The Small Car With a Rather Big Problem

Remember back in 2005 and 2006 when Mercedes was making plans to bring the smart car to the U.S.? The car was a hit in Europe and it became fashionable for people to say, "Why don't they bring that car over to the U.S.? there are tons of people who want a compact car like that."

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I remember those days. Whenever I would say, "I'm not sure that car is going to be the smash hit you think it will be" people would scoff and tell me I needed to get a clue.

I'm thinking of those days as I watch smart struggle with declining sales, mounting losses in the U.S. and a dealer network, Penske Auto Group, that no longer wants to sell the pint size car.

Last year, smart sales plummeted 59%. 59%! Keep in mind, last year U.S. auto sales as a whole jumped 11.1%.

The plunging smart car sales may explain why Penske says smart USA generated an after tax loss of $15.9 million last year. No doubt a factor in Penske dropping smart and smart dropping plans for a five door model.

So why am I bringing this up? To gloat and say, "I told you so" to those who scoffed at my skepticism about Smart in the U.S.? No. As a matter of fact, I'm disappointed to see Smart struggling. As a fan of the auto industry, I personally believe it's better to have as many options and choices as possible.

And yes, I do think there is a place for subcompact cars in the U.S. Look, MINI (sales up 1% last year) has shown there is a market for very small cars, and Fiat will soon join the game with the 500 model.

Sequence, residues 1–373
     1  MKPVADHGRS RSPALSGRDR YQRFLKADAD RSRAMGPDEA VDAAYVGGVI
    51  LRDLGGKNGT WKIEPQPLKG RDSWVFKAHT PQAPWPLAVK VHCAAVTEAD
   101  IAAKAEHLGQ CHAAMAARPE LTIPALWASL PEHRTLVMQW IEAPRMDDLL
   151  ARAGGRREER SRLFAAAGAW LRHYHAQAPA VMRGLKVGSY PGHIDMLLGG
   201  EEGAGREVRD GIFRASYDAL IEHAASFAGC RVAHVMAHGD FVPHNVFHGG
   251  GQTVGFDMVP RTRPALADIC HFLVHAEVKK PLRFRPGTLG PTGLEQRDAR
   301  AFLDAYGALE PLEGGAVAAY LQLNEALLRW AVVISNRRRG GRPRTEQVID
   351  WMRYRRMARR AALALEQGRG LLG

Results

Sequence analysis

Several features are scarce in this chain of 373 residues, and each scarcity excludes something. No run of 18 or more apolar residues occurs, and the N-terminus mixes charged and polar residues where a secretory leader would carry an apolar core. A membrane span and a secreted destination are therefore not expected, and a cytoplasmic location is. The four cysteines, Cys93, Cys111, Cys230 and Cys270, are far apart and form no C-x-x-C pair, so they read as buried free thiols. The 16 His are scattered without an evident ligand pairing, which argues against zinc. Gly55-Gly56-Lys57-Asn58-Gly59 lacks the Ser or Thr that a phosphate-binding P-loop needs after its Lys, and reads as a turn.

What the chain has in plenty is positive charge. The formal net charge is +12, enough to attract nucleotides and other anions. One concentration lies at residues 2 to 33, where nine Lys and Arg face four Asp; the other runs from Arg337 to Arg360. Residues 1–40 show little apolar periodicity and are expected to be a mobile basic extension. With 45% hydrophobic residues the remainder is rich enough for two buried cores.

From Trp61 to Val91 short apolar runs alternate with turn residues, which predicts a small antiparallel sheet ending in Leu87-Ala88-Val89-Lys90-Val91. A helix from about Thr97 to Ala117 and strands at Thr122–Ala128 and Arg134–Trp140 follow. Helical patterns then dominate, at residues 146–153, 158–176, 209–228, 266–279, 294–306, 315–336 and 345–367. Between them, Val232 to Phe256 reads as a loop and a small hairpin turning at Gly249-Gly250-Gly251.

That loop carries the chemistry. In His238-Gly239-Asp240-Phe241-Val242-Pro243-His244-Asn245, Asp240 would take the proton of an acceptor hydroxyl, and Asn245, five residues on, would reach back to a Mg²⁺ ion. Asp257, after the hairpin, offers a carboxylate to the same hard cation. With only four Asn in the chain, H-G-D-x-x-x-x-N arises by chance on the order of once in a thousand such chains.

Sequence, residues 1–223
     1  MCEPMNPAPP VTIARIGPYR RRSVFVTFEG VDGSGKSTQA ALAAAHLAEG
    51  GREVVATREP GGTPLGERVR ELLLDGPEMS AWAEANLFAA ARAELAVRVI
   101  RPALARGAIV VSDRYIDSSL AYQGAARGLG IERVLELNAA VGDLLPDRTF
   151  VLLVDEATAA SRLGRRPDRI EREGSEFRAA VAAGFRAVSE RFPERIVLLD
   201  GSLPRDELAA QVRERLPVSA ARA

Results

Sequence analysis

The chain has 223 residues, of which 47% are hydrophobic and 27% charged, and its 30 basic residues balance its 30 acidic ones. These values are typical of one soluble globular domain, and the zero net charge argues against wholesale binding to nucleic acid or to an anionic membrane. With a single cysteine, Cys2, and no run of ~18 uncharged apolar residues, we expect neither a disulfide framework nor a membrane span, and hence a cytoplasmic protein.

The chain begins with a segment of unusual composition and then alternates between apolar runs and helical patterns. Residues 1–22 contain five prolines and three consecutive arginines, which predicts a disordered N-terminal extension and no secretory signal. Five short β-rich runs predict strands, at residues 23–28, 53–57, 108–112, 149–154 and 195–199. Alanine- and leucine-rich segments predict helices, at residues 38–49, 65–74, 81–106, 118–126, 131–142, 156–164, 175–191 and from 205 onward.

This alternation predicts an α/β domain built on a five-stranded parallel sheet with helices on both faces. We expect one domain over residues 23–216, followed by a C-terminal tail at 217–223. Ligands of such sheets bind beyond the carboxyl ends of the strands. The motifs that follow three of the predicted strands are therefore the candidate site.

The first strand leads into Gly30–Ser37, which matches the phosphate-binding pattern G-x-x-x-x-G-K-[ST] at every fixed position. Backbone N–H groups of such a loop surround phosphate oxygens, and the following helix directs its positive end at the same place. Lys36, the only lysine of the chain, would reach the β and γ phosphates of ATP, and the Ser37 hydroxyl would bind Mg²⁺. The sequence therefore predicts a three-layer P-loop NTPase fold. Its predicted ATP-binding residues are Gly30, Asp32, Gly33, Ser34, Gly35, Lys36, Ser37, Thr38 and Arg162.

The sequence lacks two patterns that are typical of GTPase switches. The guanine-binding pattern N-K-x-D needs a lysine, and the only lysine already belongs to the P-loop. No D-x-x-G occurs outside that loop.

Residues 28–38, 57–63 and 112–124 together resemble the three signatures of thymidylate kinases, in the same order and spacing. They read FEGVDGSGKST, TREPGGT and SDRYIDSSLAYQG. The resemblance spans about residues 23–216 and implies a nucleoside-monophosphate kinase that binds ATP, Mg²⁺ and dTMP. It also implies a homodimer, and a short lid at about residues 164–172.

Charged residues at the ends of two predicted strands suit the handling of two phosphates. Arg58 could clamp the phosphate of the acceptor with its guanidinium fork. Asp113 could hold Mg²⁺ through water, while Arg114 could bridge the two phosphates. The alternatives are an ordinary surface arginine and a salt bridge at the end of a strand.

But make no mistake, there is a limited market for these cars. And in a limited market, there's only room for so many players. Will smart be able to keep up with MINI and fend off Fiat? This next year will be perhaps its most challenging. Sales of the smart car will soon go through Mercedes-Benz dealers.

Publicly, they will endorse the idea of selling entry level cars. Privately, I'd love to know how many Mercedes dealers will truly invest the resources smart needs if its going to come back in the U.S.

And yes, I still believe that there is a limited market for subcompact cars in the U.S. We grew up on big cars powered by cheap gas. For many people, especially those in rural America, the idea of zipping around in a tiny car is absurd. I believe they will continue to feel that way even if gas prices go up.

The smart car isn't dead in the U.S., but it definitely needs help if it's going to revive itself."


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